I find podcasts extremely overrated. Yeap, I know this is an extremely selfish and biased opinion, especially given the popularity of this "means of entertainment".
But on the other hand, most things that s*ck have traction. I can't recall something that was super ugly and didn't have fanatic and passionate friends.
I will try to explain my view.
Too many podcasts have bad equipment. I find it extremely disrespectful and annoying to hear only half of what is discussed, due to low quality microphones.
I understand and respect, if the podcaster is completely amateur and hobbyist but most of them have 1-2 sponsors per episode. Not sure of the monetary reward, but a decent microphone cost about $100 or so?
Why should I spend 70 minutes hearing a discussion where the important information is spread here and there if I can read an article of the same topic which will take me less than 15 minutes to read?
For example, I can recall a 70-minute long episode in a podcast, about VS code tips. There are tons of articles in dev.to alone which you can read all in less than 1 hour (all of them).
Be innovative fellas. I can find countless reviews of the newest Django or var vs let and const. Don't be dull and boring.
I would be happier if the subjects were more unique, subjects that you cannot find easily around.
Too many podcasters fail to deliver enthusiasm to their audience. I don't blame them. I can't be enthusiastic if I don't like what I am doing, either.
So the question is, as Steve Jobs would say: Why are you living someone else's life if it is obvious you don't like what you are doing?
So the podcast begins and the host starts doing some predetermined chit-chatting with their guests. I thought I was about to hear you to learn something, not to spot some fake spontaneity.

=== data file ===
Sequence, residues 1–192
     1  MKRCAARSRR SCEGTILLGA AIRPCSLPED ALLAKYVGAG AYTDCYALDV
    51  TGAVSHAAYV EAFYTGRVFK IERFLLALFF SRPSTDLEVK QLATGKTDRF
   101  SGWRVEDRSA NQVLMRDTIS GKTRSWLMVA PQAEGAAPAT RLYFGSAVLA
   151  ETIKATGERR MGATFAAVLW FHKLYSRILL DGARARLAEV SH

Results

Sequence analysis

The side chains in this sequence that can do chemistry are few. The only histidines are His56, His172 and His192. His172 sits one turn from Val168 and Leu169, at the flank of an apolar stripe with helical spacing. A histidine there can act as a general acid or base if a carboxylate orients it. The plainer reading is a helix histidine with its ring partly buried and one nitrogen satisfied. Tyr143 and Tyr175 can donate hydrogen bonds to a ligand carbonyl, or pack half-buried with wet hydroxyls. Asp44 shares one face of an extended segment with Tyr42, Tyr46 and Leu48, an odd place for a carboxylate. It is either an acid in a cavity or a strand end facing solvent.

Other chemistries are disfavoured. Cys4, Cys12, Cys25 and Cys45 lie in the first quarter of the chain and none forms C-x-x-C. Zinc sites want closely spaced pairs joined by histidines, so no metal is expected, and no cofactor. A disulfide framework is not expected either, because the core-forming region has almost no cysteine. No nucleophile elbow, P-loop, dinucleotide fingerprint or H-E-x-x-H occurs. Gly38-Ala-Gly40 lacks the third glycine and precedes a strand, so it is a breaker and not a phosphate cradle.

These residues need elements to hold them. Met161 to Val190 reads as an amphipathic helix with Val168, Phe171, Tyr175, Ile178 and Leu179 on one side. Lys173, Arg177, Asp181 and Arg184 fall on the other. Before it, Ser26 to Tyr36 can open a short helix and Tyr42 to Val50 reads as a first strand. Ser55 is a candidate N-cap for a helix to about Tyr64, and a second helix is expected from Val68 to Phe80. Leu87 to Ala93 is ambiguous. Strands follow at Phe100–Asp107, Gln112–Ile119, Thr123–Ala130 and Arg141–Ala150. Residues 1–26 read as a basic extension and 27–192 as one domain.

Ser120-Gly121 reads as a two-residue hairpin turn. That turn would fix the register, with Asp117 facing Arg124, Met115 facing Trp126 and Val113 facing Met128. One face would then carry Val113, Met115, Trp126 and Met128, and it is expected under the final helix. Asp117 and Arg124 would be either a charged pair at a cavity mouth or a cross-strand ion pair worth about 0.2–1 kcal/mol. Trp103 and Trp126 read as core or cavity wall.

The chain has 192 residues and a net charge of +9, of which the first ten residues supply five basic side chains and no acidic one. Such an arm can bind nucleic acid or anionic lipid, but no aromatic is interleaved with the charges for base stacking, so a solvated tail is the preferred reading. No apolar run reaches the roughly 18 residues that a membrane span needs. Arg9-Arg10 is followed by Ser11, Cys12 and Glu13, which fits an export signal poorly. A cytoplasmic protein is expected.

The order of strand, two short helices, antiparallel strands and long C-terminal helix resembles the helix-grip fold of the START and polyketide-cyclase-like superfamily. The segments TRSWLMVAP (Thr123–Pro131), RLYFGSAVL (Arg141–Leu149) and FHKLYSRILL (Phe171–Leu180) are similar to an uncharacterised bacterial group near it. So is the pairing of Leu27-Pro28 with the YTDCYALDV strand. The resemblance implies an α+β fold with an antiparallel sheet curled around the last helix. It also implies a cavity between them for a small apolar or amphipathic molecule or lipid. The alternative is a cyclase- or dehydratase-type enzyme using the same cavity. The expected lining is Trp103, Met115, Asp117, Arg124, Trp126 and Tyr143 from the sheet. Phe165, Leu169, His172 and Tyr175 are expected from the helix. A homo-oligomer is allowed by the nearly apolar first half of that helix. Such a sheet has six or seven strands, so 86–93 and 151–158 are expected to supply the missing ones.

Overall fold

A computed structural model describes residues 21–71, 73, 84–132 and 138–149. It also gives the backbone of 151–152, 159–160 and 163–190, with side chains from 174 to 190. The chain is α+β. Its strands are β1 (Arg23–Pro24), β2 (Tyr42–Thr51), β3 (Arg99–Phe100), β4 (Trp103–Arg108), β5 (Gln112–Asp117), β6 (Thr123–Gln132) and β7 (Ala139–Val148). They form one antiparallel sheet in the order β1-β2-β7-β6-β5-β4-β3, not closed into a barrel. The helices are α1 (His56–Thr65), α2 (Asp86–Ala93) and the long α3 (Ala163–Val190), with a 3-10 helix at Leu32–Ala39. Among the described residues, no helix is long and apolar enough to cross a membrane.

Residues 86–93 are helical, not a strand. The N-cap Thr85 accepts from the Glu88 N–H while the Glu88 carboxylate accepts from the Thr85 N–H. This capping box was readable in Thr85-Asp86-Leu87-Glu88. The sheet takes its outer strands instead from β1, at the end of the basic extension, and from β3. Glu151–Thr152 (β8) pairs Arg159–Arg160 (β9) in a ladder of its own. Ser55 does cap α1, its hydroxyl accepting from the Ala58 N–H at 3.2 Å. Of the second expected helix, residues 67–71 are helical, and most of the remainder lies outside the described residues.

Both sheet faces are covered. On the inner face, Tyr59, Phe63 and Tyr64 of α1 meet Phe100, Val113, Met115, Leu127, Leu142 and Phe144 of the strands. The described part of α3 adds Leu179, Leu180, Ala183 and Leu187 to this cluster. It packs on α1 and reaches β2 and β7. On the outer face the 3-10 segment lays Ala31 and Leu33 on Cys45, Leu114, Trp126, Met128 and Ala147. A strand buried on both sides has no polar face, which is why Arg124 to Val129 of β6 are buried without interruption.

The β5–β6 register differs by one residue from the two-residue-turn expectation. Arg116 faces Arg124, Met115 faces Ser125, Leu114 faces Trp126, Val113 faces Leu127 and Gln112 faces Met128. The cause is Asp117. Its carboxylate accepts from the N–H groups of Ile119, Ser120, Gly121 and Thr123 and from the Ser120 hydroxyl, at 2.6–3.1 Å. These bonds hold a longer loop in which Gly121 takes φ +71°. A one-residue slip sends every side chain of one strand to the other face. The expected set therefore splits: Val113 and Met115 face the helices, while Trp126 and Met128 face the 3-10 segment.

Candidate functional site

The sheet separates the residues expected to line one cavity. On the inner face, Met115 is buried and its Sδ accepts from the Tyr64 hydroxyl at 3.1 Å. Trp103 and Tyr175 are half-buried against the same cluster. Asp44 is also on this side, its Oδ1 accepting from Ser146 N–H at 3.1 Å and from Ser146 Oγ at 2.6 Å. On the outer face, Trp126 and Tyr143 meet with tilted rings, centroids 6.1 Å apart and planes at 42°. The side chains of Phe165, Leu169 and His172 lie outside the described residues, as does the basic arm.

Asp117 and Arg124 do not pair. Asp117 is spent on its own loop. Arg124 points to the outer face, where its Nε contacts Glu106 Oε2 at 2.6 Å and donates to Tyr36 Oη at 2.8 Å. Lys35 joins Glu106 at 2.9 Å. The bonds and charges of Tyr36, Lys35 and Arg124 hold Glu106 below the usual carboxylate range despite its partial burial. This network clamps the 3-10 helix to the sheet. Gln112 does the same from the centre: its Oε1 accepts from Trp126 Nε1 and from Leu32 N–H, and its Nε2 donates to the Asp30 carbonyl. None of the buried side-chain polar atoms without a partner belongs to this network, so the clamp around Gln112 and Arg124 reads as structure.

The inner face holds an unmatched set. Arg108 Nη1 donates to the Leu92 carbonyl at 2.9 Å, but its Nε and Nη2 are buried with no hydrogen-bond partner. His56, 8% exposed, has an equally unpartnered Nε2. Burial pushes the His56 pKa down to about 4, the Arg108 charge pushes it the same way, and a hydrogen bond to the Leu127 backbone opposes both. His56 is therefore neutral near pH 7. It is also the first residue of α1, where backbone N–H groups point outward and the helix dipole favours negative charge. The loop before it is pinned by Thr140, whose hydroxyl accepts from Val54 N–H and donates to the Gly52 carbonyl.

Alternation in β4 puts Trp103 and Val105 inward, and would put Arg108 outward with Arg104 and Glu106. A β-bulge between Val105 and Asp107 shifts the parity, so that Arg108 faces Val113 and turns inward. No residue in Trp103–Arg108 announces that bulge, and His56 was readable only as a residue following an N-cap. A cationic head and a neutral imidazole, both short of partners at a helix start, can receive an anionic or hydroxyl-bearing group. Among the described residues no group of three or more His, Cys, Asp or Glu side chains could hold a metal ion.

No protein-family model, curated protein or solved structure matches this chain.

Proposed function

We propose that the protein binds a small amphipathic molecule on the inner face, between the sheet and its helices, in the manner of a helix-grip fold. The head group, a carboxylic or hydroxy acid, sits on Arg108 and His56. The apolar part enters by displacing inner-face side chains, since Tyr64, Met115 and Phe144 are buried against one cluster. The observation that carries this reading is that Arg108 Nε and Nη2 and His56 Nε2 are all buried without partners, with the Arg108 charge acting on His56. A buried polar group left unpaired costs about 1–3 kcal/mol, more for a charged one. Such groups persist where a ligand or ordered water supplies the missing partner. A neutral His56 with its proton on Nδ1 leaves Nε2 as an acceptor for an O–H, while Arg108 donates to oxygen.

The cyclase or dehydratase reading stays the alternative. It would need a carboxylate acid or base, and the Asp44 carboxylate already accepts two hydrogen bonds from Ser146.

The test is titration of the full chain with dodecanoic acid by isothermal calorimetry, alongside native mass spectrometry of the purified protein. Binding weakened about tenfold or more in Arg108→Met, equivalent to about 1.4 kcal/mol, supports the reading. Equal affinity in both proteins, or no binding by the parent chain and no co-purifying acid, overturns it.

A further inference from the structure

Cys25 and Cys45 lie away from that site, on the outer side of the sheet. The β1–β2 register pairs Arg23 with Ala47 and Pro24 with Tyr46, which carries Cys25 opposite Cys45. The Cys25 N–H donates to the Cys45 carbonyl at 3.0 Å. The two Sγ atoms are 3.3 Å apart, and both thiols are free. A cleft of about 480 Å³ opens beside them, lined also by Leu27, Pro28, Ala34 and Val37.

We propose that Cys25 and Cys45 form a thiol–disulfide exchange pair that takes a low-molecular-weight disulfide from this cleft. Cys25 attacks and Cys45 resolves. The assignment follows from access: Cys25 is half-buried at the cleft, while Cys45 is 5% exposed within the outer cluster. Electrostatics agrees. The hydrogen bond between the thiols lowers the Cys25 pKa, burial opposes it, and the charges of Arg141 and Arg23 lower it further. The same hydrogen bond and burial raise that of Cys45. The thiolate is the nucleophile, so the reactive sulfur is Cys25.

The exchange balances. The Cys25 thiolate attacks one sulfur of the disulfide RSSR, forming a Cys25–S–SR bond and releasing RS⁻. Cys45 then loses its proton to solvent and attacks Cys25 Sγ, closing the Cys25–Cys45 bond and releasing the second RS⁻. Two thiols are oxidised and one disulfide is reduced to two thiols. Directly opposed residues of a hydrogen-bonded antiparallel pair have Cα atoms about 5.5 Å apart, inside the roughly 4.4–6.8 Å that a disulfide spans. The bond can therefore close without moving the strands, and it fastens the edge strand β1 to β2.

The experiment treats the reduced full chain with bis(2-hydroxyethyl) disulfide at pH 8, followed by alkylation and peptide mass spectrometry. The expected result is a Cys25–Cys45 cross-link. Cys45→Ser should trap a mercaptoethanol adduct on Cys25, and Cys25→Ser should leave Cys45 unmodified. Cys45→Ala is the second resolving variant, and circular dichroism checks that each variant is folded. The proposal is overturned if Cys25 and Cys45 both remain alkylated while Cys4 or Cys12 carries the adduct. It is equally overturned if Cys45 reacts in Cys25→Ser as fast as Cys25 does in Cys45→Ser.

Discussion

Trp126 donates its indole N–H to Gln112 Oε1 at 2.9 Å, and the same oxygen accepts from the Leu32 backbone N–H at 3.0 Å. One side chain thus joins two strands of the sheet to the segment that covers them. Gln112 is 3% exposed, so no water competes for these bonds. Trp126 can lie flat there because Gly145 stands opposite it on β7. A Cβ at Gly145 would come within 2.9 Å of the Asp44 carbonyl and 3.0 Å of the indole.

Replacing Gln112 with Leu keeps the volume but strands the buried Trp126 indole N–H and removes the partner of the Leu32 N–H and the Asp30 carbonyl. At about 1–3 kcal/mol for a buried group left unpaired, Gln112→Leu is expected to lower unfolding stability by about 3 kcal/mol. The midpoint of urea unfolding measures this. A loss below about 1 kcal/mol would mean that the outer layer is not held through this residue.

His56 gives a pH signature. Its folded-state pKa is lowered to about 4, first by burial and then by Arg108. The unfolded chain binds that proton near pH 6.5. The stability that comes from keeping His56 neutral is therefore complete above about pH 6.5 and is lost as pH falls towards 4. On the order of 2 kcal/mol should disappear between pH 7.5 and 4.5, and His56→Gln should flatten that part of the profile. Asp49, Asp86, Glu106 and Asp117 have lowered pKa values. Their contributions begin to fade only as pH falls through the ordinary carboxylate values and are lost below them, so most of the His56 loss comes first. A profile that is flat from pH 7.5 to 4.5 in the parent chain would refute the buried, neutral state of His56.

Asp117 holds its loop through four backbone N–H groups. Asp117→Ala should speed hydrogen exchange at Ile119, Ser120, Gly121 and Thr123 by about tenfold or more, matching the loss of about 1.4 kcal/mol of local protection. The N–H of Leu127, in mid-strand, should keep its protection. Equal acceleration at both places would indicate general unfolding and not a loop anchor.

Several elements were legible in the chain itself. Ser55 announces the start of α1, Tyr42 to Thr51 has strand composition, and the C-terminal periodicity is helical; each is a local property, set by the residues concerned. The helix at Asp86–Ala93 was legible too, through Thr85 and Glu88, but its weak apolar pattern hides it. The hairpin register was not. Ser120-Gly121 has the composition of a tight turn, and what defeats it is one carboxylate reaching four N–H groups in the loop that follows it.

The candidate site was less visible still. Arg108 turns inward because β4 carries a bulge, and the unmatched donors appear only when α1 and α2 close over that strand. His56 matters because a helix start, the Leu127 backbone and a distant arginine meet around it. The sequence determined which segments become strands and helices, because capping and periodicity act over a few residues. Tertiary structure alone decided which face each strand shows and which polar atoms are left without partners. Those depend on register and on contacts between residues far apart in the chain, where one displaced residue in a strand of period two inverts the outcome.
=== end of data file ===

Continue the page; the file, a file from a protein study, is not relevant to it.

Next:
Sadly, if I want to attend dialogs between strangers, I would opt-in for Netflix. :)
I am not saying the podcast should sound like an interrogation, but one certainly need to keep a balance and not try to fill the time with low value small talk.
Most podcasts don't offer some kind of transcription or summary (with "links" to the respective time range).
Why is this a problem? First of all, you might need to skim some parts and no one can blame you for that.
Also, not all listeners are native English/German/Spanish/whatever speakers. Some words might be inaudible. Some phrases might be too much of a slang, only a native could get them. I think you are getting the point.
Many blogs don't offer much quality to their readers (this might be one of those :) )
But in blogs, you can "just skim" or "read the headers" to see if it is worth digging deeper. So you dont have to listen the whole part to get the hint
Of course, it would be silly to say that if you are labeled as a podcast, you are doomed to mediocrity.
Some podcasts that are of high quality and are my first choices when I choose it as a mean of information are (random order):
- Kwik Brain (not technical, but totally worth listening)
- Software engineering daily
- JS party. I am impressed with the enthusiasm they deliver
- Python bytes
Of course, the list is only indicative. I am pretty sure there are other high-quality podcasts that I didn't have to hear till now.
Thank you for taking the time read this article. I hope you enjoyed it. Podcasts could be a great mean of information and entertainment if done right but looks like this is not the case for most of them now. If you feel against my views or have any high-quality podcast to recommend, please let us know.